Malaysia’s reformers who brought down the corruption-riddled Barisan Nasional in May of 2016 are increasingly disillusioned with the Pakatan Harapan coalition that replaced it, alarmed that Mahathir Mohamad, the 94-year-old retread prime minister who heads the coalition, is determined to clone the United Malays National Organization into Parti Pribumi Bersatu Malaysia, the opposition party he created prior to the election.
There is growing concern that unless the coalition can reverse itself, voters will dump it in the next general elections. The coalition has already lost almost every by-election since last May to fill empty seats.
“Disappointment is widespread now and at almost every dinner, the conversation boils down to the incompetency and lack of achievements of this government since they came to power,” said an alarmed longtime friend. “The most common word, and kindest, used to describe them is ‘dysfunctional’ and even some, among those who hated the corruption of [former PM Najib Razak’s] regime, are saying that things worked better in the kleptocracy. Problem is, Mahathir has reverted to being what he was and the cabinet and government have reverted to being what the Barisan Nasional was – compliant, afraid to speak out and added to that, they are incompetent.”
Too much of the government’s philosophy under Mahathir is still based on Ketuanan Melayu-Islam, or Islam and ethnic Malays first, which seems certainly to be the guiding attitude of Mahathir’s own party. There is no effort to include other ethnic groups or races, which is troubling given the country’s longstanding racial tensions.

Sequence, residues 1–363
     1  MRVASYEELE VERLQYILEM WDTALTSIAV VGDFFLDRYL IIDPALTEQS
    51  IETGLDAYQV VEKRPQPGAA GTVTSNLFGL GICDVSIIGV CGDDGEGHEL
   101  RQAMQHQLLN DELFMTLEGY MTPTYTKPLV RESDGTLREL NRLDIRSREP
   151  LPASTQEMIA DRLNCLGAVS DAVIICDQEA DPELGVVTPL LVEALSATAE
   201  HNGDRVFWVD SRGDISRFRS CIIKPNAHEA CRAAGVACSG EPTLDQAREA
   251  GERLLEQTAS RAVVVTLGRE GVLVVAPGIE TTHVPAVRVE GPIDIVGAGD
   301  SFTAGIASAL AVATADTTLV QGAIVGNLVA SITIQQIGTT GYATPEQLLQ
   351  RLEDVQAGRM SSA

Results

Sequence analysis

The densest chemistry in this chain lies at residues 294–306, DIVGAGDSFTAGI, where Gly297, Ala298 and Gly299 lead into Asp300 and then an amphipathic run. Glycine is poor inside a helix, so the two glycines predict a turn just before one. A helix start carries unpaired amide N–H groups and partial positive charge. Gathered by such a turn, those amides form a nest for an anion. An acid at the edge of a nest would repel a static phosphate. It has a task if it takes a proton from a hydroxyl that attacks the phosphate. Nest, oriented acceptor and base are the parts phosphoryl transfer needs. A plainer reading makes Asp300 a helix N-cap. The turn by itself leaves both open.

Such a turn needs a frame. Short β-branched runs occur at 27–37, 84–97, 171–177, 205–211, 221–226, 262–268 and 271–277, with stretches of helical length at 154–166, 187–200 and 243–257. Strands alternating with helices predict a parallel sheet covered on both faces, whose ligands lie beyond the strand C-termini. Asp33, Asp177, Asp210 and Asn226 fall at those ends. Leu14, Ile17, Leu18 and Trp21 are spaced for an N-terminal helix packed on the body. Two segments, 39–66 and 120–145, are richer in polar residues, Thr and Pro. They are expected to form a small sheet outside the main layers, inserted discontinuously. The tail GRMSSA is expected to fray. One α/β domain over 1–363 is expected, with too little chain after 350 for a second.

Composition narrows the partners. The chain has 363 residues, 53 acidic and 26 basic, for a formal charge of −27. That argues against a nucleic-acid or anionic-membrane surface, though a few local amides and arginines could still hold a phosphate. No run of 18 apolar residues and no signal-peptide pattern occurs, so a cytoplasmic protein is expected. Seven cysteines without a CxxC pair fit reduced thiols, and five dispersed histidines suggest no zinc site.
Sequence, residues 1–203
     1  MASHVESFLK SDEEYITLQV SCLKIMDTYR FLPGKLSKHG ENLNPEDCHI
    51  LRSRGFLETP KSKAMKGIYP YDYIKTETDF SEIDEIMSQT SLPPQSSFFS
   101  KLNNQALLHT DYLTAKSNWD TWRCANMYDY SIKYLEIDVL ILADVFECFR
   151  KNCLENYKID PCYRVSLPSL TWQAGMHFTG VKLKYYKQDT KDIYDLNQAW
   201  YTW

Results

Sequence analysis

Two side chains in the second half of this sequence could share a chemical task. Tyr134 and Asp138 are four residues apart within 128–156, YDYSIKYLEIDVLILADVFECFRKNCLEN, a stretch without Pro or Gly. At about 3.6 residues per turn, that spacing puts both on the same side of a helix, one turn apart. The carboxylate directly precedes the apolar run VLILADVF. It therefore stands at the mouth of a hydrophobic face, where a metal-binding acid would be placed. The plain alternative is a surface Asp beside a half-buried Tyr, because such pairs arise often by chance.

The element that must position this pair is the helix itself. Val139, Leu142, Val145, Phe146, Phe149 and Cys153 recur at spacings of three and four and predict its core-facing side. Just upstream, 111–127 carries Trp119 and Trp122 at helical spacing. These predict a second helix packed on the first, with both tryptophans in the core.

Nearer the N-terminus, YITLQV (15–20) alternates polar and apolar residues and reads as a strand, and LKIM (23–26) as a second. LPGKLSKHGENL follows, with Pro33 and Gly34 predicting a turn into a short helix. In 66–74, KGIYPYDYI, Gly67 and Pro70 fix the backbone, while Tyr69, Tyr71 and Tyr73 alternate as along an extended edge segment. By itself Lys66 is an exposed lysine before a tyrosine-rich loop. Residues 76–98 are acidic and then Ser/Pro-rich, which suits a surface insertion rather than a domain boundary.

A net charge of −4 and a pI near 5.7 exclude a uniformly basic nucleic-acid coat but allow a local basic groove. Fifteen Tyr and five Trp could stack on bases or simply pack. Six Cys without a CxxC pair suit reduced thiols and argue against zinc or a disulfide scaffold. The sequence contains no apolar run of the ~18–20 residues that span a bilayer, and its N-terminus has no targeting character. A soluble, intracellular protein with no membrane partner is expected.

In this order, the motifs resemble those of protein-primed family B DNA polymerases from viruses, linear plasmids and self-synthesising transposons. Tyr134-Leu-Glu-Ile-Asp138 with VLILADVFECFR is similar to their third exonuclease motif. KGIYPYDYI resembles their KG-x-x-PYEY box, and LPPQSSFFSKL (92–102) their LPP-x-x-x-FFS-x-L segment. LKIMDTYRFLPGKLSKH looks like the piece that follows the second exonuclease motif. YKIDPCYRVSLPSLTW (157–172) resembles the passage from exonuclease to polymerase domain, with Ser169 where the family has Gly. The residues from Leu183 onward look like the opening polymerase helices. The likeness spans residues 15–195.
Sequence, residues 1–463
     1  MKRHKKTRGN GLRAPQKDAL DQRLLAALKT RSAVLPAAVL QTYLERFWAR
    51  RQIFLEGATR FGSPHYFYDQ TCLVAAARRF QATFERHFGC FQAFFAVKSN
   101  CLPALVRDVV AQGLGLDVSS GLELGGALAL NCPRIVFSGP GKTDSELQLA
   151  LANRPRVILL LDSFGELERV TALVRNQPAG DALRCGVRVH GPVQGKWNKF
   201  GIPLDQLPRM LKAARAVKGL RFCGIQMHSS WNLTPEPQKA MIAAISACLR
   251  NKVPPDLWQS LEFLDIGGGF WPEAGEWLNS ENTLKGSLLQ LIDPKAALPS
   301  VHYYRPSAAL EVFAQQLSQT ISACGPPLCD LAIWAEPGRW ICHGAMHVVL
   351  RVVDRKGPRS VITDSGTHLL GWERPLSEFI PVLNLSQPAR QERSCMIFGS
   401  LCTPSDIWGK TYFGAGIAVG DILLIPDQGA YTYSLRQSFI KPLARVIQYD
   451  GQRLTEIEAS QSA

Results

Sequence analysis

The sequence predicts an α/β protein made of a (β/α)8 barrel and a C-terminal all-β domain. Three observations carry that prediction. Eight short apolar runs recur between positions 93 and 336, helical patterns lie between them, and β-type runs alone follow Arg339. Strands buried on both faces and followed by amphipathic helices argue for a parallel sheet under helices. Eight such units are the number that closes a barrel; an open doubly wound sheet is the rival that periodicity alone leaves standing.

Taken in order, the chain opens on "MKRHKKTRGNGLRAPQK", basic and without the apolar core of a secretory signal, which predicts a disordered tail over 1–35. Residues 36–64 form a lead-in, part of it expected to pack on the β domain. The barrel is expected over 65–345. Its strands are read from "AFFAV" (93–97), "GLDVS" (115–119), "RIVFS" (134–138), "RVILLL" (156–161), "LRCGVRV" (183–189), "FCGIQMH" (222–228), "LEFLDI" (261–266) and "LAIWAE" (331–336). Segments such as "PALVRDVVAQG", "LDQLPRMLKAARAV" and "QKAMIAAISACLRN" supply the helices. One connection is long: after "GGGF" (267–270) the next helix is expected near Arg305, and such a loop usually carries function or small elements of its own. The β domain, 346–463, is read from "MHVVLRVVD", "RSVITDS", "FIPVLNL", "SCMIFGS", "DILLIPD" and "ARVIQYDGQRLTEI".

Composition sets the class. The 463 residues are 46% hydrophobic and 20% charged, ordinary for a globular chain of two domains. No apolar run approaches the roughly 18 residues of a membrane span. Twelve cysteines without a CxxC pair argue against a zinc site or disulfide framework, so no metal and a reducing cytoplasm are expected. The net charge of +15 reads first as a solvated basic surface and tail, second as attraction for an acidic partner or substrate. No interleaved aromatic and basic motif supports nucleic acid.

In addition, Anwar Ibrahim’s Parti Keadilan Rakyat, for a decade or more the backbone of the coalition, is torn by infighting, the focus of which is Mohamed Azmin Ali, a PKR stalwart and former Selangor state chief minister named as minister of economic affairs by Mahathir. Azmin has outflanked the Parti Keadilan reformers including Rafizi Ramli, the party secretary-general, and Nurul Izzah, Anwar’s daughter, to take his place as a lieutenant to Mahathir, whose stated promise to relinquish power to Anwar appears to be receding into the distance, with Azmin the probable beneficiary. Despite pronouncements of fealty, Mahathir deeply dislikes Anwar, who returns the favor, imperiling the promised succession.
But now PKR is in turmoil and Azmin is in the fight of his life over a video that surfaced in May, catching him in a seeming homosexual liaison with a fellow Parti Keadilan MP named Haziq Abdul Aziz, who has confessed to being in the leaked footage. Azmin has denied the liaison and threatened suit.
The unseemly mess is very much reminiscent of the scandal that derailed Anwar himself in 1998 when he was accused of having homosexual affairs and ultimately imprisoned for several years. It includes a confessed sexual partner, much as Anwar’s previous trial and conviction included an alleged confessed sexual partner who was widely believed to have made up the story to derail Anwar’s charismatic leadership of the opposition.